Almost 10,000 minks in Utah fur farms dead from coronavirus

Israel hit with Covid mink mutation

MINK: Almost 10,000 dead from coronavirus at fur farms in Utah. CREDIT: Pixabay

Almost 10,000 minks in Utah fur farms dead from coronavirus prompting dozens of farmers to enter into quarantines.

OUTBREAKS are devastating mink populations with more than 12,000 killed from the virus in Utah and Wisconsin combined.

After first contracting the virus in August, nearly 10,000 mink have died in Utah fur farms, a spokesperson from the Utah Department of Agriculture and Food (UDAF) told CBS News yesterday, Friday, October 9.

While it is suspected the Covid-19 infections were spread from workers at the mink farms in July, state veterinarian Dr Dean Taylor told The Associated Press that “we genuinely don’t feel like there is much of a risk going from the mink to the people”.

He also said that, so far, no animals in Utah have been euthanised because of the disease, adding “it doesn’t appear necessary”.

All the same, the USDA and the Centres for Disease Control and Prevention (CDC) have issued guidelines for farmers handling mink and other mustelids.

It’s not clear exactly how many mink are infected, as “testing them all is not feasible” due to the large number of mink in the state.

Fur from the deceased infected animals will be processed to remove any traces of the virus and then used for coats and other garments, according to Fur Commission USA, a mink farming trade group.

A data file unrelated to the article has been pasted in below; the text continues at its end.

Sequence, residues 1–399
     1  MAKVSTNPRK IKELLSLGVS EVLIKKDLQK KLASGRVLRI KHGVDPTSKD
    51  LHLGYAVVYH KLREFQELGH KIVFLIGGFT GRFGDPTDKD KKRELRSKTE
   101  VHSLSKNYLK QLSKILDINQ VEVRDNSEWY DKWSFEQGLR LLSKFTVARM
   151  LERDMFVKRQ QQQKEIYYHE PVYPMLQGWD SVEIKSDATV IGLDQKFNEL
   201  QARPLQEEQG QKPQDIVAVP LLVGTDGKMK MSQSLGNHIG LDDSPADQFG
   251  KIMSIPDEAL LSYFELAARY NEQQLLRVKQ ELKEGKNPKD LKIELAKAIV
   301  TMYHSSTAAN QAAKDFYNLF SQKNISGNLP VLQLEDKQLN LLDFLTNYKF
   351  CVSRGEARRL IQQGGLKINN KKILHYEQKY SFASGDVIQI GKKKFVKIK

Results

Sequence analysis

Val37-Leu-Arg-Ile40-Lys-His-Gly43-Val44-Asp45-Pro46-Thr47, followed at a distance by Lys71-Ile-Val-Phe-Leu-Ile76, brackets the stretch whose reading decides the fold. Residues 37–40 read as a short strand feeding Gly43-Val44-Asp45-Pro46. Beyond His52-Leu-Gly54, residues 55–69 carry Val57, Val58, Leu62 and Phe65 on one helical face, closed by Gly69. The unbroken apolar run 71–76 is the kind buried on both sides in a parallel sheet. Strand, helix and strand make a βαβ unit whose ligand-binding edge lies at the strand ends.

America produces more than three million mink pelts annually.

Last month, a study confirmed that animal to human coronavirus transmission is possible however further research is needed to confirm the extend of this in the wider population.

Thank you for reading this article “Almost 10,000 minks in Utah fur farms dead from coronavirus”.

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Tara Rippin

Tara Rippin is a reporter for Spain’s largest English-speaking newspaper, Euro Weekly News, and is responsible for the Costa Blanca region.
She has been in journalism for more than 20 years, having worked for local newspapers in the Midlands, UK, before relocating to Spain in 1990.
Since arriving, the mother-of-one has made her home on the Costa Blanca, while spending 18 months at the EWN head office in Fuengirola on the Costa del Sol.
She loves being part of a community that has a wonderful expat and Spanish mix, and strives to bring the latest and most relevant news to EWN’s loyal and valued readers.

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